No semestre de 2019.2, o Laboratório de Metodologia do Instituto de Relações Internacionais/PUC-Rio e o Projeto GlobalGRACE promoveram a Oficina de Métodos Participativos/ Participatory Methods. A Oficina foi ministrada pela Professora Dra. Phoebe Kisubi (University of Cape Town) nos dias 21 e 22 de Outubro de 18h às 21h (6h totais).
When research and research methods are historically imbricated in violence and structural marginalization of the ‘other’, contemporary research raises many methodological and ethical challenges. It calls for a troubling the underlying logic of traditional positivist methods, a challenging of who ‘the knower’ is. It calls for placing emphasis on contesting structural grammars along race, class, gender, sexuality, religion and ability/disability as well as representation. Participatory methods – such as participatory action research offers possibilities to challenge these structures, as social justice is heavily embedded in them. In these oficina, we will engage with participatory methods, with examples from both my doctoral research and the current GlobalGRACE project in Cape Town-South Africa I am working on entitled: Participatory theatre and the production of cultures of equality with and by sex workers in South Africa. This will include vignettes from the 1 st public performance beginning of August 2019 of the SW Theatre Group in South Africa.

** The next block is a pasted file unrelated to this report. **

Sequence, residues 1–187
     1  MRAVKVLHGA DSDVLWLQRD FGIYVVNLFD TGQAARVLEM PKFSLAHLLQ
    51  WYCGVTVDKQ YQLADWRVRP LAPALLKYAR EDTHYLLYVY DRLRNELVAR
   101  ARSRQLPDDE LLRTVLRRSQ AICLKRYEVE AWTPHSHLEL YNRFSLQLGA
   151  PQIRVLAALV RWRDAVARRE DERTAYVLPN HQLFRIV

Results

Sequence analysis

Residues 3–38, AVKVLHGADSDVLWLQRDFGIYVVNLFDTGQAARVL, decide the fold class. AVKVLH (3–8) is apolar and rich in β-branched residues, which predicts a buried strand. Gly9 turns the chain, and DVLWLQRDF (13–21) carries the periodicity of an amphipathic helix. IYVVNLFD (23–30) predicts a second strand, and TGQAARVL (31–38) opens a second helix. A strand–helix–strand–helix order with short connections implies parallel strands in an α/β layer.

|Phoebe Kisubi Mbasalaki – Lecturer and Researcher – University of Cape Town
Phoebe is a lecturer on the gender studies program at the Africa Gender Institute (AGI) – University of Cape Town. She is also a post-doctoral research fellow on the GlobalGRACE project (https://www.globalgrace.net) housed at the AGI and the Centre for Theatre, Dance and Performance Studies (CTDPS) – University of Cape Town as well as the NGO – Sex Workers Advocacy and Educational Task Force (SWEAT). She holds a doctorate in Gender, Media and Culture from the Graduate Gender Studies Programme, Utrecht University in the Netherlands. Phoebe was also a lecturer at Utrecht University and taught on the Graduate Gender Studies Programme, feminist theory and feminist research methods. Her research interests are in critical race, gender, class, sexuality, public health as well as decolonial thought and praxis. Phoebe has also worked in various fields including gender, HIV and public health with agencies such UNDP, UNAIDS and WHO.